The Credit Managers’ Index (CMI) for July – available now at www.nacm.org and Thursday in eNews – will reflect the grim reality of the economy of summer 2012. It became obvious some months ago that another spring swoon was underway and, like the last few years, the summer was an extension of the deterioration, according to various CMI statistics.
“The problems that beset the economy earlier in the year have not abated and, now, there are some new ones to worry about [the farm sector, the Euro crisis],” said NACM Economist Chris Kuehl, who prepares the CMI each month. “There are some signs of nascent recovery, but thus far these have not been enough to reverse the course of the last few months.”
And it’s the unfavorable factors that are telling more of a downbeat story, which has Kuehl more worried than the slide in the favorable indicators.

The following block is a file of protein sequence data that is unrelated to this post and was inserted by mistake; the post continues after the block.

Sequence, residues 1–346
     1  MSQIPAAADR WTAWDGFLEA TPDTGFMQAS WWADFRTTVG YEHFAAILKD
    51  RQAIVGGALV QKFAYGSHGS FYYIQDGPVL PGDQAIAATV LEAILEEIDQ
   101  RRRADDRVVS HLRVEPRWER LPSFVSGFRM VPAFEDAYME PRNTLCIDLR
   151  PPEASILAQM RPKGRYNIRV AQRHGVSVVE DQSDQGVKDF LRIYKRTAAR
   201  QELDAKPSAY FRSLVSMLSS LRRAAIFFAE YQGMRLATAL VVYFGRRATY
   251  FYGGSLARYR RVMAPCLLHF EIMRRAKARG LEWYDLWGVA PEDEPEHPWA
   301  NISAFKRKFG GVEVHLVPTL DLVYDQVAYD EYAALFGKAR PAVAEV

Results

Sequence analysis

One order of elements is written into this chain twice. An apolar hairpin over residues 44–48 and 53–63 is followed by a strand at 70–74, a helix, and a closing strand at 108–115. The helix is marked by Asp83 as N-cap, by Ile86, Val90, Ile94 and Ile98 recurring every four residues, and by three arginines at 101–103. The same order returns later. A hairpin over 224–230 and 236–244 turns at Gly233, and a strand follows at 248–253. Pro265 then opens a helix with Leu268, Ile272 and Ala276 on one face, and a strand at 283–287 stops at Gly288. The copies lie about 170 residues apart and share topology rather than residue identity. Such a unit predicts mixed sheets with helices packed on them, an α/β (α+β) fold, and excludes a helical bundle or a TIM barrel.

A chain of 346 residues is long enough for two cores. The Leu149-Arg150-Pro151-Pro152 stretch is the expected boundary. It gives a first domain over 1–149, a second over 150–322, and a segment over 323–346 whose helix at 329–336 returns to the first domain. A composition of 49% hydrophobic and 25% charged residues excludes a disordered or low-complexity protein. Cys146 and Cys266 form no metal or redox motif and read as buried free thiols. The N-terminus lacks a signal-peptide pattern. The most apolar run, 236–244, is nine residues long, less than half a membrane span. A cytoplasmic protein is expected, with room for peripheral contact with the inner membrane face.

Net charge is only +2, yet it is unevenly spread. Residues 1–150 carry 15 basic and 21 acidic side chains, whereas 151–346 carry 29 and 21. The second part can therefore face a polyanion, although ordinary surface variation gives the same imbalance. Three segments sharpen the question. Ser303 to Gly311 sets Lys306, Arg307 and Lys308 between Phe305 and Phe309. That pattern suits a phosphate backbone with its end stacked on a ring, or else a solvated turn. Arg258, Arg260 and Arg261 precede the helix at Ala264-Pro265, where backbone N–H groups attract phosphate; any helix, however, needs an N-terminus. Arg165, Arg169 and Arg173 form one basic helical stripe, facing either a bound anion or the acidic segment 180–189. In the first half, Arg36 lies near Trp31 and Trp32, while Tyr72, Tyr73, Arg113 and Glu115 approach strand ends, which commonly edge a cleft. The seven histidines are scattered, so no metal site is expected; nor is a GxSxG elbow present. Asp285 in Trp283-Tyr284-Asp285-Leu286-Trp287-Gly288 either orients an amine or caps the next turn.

“The index of unfavorable indicators has now dipped below the magic 50 line that separates expansion from contraction; This is the first time the unfavorable index has been in contraction since the end of 2010, Kuehl said. “This is a precipitous fall, and it is unlikely that a reversal will be swift…the slump is setting in more aggressively.”
Among the biggest areas of concern is the dollar amount beyond terms decline. To wit, problems in that area could be foreshadowing that customers are experiencing newfound cash-flow issues most thought were over at the official end of the recession. Meanwhile, generally weak consumer confidence and a lack of importing interest from struggling European-based trade partners are compounding the negatives.
Courtesy of Brian Shappell, CBA, NACM staff writer